22

Suppose I have the following vector:

x <- c(8, 6, 9, 9, 7, 3, 2, 5, 5, 1, 6, 8, 5, 2, 9, 3, 5, 10, 8, 2)

How can I find which elements are either 8 or 9?

  • If you meant "detect all duplicated elements". R has a useful fn duplicated, and you can get all duplicates with duplicated(x) | duplicated(x, fromLast=T) – smci Aug 17 '18 at 0:17
39

This is one way to do it. First I get the indices at which x is either 8 or 9. Then we can verify that at those indices, x is indeed 8 and 9.

> inds <- which(x %in% c(8,9))
> inds
[1]  1  3  4 12 15 19
> x[inds]
[1] 8 9 9 8 9 8
| improve this answer | |
  • 2
    But suppose I'm looking for the specific indexes of two values without their orders sorted. How would I get a result of "26, 1" instead of "1, 26" if I'm looking for the indexes of Z and A in the alphabet? which( letters %in% c( 'z', 'a' ) ) – dasf Sep 17 '17 at 17:40
  • @dasf use any kind of sort, like bubblesort – Khushraj Rathod Jan 25 '19 at 14:54
10

You could try the | operator for short conditions

which(x == 8 | x == 9)
| improve this answer | |
2

In this specific case you could also use grep:

# option 1
grep('[89]',x)
# option 2
grep('8|9',x)

which both give:

[1]  1  3  4 12 15 19

When you also want to detect number with more than one digit, the second option is preferred:

> grep('10|8',x)
[1]  1 12 18 19

However, I did put emphasis on this specific case at the start of my answer for a reason. As @DavidArenburg mentioned, this could lead to unintended results. Using for example grep('1|8',x) will detect both 1 and 10:

> grep('1|8',x)
[1]  1 10 12 18 19

In order to avoid that side-effect, you will have to wrap the numbers to be detected in word-bounderies:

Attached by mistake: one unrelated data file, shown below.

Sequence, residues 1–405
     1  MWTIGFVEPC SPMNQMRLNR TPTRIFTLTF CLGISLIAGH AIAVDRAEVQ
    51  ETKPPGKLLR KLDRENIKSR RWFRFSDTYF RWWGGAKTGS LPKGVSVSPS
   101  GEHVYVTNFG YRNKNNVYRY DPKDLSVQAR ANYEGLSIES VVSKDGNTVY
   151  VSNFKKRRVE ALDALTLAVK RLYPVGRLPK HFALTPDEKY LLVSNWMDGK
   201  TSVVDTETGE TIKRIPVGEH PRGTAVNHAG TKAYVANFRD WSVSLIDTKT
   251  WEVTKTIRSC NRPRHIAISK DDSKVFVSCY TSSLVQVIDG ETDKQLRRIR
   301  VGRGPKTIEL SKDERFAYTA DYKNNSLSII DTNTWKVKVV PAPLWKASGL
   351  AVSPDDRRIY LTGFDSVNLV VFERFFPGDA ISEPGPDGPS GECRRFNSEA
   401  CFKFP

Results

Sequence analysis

> grep('\\b1\\b|8',x)
[1]  1 10 12 19

Now, the 10 isn't detected.

| improve this answer | |
1

Alternatively, if you do not need to use the indices but just the elements you can do

> x <- sample(1:10,20,replace=TRUE)
> x
 [1]  6  4  7  2  9  3  3  5  4  7  2  1  4  9  1  6 10  4  3 10
> x[8<=x & x<=9]
[1] 9 9
| improve this answer | |
0

Here is a generalized solution to find the locations of all target values (only works for vectors and 1-dimmensional arrays).

locate <- function(x, targets) {
    results <- lapply(targets, function(target) which(x == target))
    names(results) <- targets
    results
}

This function returns a list because each target may have any number of matches, including zero. The list is sorted (and named) in the original order of the targets.

Here is an example in use:

sequence <- c(1:10, 1:10)

locate(sequence, c(2,9))
$`2`
[1]  2 12

$`9`
[1]  9 19
| improve this answer | |
-1

grepl maybe a useful function. Note that grepl appears in versions of R 2.9.0 and later. What's handy about grepl is that it returns a logical vector of the same length as x.

grepl(8, x)
[1] FALSE FALSE FALSE FALSE FALSE FALSE FALSE FALSE FALSE FALSE FALSE FALSE
[13] FALSE FALSE FALSE  TRUE FALSE FALSE FALSE FALSE

grepl(9, x)
[1] FALSE FALSE FALSE FALSE FALSE FALSE FALSE FALSE FALSE FALSE  TRUE FALSE
[13] FALSE FALSE FALSE FALSE  TRUE FALSE FALSE  TRUE

To arrive at your answer, you could do the following

grepl(8,x) | grepl(9,x)
| improve this answer | |
  • I like grepl as well, great for filtering dataframes on text strings, etc. Thanks for the OR example - I thought it would be that simple, but I kept trying || which is the wrong syntax. – atomicules Nov 29 '10 at 17:37
  • 4
    This is a very dangerous solution. grepl(9, c(9, 99, 654649)) will return TRUE for all of these. One should be very careful with exact matches and regex. – David Arenburg Apr 9 '16 at 20:20

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